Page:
SOURCE: Medicare Current Beneficiary Survey Cost and Use File, 1995.

Possible Underreporting

There is a continuing debate about the extent to which household surveys underreport the actual number of prescriptions used and their costs. Surveyed persons generally tend to recall large or traumatic medical expenses better than small, routine medical expenses. The average beneficiary is more likely to recall a hospitalization during the 4-month recall period than a visit to a doctor's office. Because most prescription drugs are not as expensive as institutional care, for example, observers tend to believe that prescription drugs are among the medical events most likely to be forgotten during an interview. In the late 1980s, when the Medicare Catastrophic Coverage legislation was being debated, some critics argued that the National Medical Expenditure Survey (NMES) survey figures being used at the time seriously underestimated prescription drug use and cost (Berk, Schur, and Mohr, 1990). Others believed the critics were overstating the degree of the problem (Moeller and Mathiowitz, 1991). At the time both the Congressional Budget Office and HCFA's Office of the Actuary filed reports with Congress suggesting that survey reports of drug use and costs could be underreported by as much as 20 percent.

In developing the field procedures for the MCBS, we tried to avoid the problems identified by critics of NMES data. Each MCBS respondent is asked each round (every 4 months) about all health care events, charges, and payments since the previous interview. Beneficiaries are asked to make notes on a calendar we provide and to retain insurance statements, payment receipts, check stubs, etc., and to bring them to the interview. For prescribed drugs, respondents are asked to retain and bring to the interview the prescription bottle, the package it came in, and any receipts or statements they received with the prescription. In addition, interviewers are furnished a list of all prescription drugs reported in the previous interview so they can ask whether the respondent has taken any of those drugs during the reporting period. Earlier surveys have tried to have such a list of drugs already reported as a prompt to recall in the next interview, but it was not always possible. Because the MCBS uses computer-assisted data collection, interviewers always have the list of previously reported drugs at the next interview with the person. Although this does not ensure that prescription drugs will be recalled in the first place, it does add some assurance that those drugs that have been reported will not be lost at a later interview through poor recall. This is not to suggest that the survey underreporting problem has been solved by the MCBS. We believe that underreporting of prescription drugs still exists and is particularly a problem for one-time drugs and for poorer and sicker respondents who do not regularly use the survey recall aids. As mentioned earlier, HCFA's Office of the Actuary adjusts MCBS spending amounts upward. We do believe, however, that the MCBS drug information collection procedures are an improvement over survey methods used in earlier surveys.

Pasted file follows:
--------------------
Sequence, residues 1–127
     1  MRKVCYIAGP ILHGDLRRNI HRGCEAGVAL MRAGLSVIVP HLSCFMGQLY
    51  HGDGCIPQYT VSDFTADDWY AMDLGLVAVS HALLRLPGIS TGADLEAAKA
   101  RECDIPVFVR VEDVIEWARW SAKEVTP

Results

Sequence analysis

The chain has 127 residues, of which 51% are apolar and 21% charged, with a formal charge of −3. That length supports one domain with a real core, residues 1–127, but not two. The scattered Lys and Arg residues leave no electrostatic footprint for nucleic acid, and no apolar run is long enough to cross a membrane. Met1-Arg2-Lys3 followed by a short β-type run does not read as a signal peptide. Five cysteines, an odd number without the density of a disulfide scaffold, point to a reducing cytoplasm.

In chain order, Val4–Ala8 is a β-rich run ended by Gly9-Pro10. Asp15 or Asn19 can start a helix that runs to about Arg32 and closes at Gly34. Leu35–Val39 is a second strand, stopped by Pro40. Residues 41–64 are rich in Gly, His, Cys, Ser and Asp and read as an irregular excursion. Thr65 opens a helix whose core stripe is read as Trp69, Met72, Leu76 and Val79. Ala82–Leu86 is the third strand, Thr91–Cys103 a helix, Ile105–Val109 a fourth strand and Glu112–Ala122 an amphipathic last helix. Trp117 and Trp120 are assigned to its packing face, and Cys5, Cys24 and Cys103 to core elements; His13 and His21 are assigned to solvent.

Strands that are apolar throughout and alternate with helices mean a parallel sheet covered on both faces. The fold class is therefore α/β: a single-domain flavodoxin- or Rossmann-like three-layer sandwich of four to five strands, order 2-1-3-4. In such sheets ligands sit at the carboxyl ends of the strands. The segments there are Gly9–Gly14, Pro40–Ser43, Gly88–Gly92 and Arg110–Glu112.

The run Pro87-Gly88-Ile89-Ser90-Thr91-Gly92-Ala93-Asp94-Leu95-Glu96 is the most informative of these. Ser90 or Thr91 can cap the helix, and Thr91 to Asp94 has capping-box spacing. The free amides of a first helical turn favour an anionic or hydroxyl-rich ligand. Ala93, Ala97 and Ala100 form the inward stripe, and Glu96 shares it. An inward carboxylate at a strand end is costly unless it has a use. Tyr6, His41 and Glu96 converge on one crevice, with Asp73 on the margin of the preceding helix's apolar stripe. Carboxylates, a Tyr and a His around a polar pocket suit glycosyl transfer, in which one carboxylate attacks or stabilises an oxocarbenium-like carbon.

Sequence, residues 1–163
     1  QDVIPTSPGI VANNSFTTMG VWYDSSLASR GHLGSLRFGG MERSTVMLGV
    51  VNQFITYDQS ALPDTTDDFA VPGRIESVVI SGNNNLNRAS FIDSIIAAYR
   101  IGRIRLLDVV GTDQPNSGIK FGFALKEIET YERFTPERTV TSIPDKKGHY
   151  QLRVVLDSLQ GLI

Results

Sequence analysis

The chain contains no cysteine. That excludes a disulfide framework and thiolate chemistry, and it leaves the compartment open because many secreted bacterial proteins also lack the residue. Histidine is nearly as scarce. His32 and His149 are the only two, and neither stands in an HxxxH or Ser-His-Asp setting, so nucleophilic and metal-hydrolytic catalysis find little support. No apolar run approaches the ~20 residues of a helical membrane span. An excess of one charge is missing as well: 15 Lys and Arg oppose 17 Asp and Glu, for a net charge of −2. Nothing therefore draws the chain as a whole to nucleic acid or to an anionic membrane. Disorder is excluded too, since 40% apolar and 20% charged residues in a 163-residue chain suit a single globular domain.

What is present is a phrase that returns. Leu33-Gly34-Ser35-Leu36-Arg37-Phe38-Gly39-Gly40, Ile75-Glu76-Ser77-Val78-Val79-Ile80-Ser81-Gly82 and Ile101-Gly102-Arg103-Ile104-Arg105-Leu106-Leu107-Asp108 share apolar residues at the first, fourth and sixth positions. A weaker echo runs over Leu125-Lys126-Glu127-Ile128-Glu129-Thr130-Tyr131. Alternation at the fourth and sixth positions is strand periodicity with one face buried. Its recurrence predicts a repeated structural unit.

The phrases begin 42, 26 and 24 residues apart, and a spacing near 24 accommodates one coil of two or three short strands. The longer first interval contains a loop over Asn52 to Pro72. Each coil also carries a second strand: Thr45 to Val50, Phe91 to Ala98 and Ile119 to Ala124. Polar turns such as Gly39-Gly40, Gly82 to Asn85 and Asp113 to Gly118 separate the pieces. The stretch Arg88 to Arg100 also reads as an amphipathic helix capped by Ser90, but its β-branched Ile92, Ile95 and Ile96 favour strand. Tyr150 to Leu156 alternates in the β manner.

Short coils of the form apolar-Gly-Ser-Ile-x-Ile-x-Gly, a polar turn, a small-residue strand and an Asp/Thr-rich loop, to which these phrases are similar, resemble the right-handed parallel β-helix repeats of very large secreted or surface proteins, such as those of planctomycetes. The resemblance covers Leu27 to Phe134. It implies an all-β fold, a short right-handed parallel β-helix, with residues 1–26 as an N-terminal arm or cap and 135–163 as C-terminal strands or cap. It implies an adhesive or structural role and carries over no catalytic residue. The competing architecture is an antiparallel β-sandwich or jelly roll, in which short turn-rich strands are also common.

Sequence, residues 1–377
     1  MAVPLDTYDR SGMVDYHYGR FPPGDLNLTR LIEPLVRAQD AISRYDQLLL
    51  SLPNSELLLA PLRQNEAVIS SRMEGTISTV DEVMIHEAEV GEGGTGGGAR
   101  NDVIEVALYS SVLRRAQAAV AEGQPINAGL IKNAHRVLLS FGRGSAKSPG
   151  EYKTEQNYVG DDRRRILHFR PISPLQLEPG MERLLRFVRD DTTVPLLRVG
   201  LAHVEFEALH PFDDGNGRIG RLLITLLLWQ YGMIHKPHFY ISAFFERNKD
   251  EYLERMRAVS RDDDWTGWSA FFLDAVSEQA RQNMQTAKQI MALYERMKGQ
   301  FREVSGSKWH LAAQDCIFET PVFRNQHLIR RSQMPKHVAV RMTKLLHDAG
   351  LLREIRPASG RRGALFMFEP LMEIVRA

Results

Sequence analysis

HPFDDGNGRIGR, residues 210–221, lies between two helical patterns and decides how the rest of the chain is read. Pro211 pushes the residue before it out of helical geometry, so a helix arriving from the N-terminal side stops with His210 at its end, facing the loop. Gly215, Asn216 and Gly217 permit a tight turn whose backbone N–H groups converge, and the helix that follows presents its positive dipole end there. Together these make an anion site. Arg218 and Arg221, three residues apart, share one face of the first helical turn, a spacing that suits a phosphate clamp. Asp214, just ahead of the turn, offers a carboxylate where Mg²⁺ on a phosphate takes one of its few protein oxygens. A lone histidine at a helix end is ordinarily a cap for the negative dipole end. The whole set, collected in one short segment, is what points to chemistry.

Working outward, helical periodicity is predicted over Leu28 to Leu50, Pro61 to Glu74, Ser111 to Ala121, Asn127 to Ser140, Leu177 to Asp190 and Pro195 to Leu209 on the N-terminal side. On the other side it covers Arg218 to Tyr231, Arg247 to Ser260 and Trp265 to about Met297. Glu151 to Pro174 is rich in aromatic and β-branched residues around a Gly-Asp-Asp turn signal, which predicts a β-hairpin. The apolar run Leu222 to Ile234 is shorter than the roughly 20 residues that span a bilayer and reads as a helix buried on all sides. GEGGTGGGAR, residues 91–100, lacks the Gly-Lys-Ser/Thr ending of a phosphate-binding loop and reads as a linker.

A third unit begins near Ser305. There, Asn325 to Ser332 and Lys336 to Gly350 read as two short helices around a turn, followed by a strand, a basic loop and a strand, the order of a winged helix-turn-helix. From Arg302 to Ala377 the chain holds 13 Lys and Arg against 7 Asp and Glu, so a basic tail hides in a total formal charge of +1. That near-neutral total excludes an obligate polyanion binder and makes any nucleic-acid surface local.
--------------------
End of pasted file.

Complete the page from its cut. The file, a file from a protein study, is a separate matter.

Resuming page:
Establishing Payment Amounts

Whenever possible, the actual transaction price for each prescribed drug is used, not the listed or posted price to which discounts (e.g., senior citizen discounts) are sometimes applied. A variety of methods were developed to determine a reasonable transaction price when respondents knew the amount they paid out of pocket but did not know the total transaction price. (For example, when other public or private sources made all or most of the payment on their behalf.)

The first step is to look within the MCBS data base to see if a total price is reported for that drug in that form and in that amount. If none is reported, a published drug industry source is consulted that gives the average national wholesale price. However, because of discounts, purchasers may pay different prices for the same drug. For example, an individual purchasing a prescription at a local pharmacy generally pays more than a Department of Veterans Affairs (VA) hospital pays for the same drug. Information on typical discounts is obtained from average prices that bulk buyers such as HMOs, the VA, and State Medicaid programs paid. In retail pharmacies, price markups vary according to wholesale price. For example, for prescriptions with average prices below $5, the final price was more than double that amount on average. For prescriptions with prices above $20, on the other hand, the average pharmacy markup was much smaller.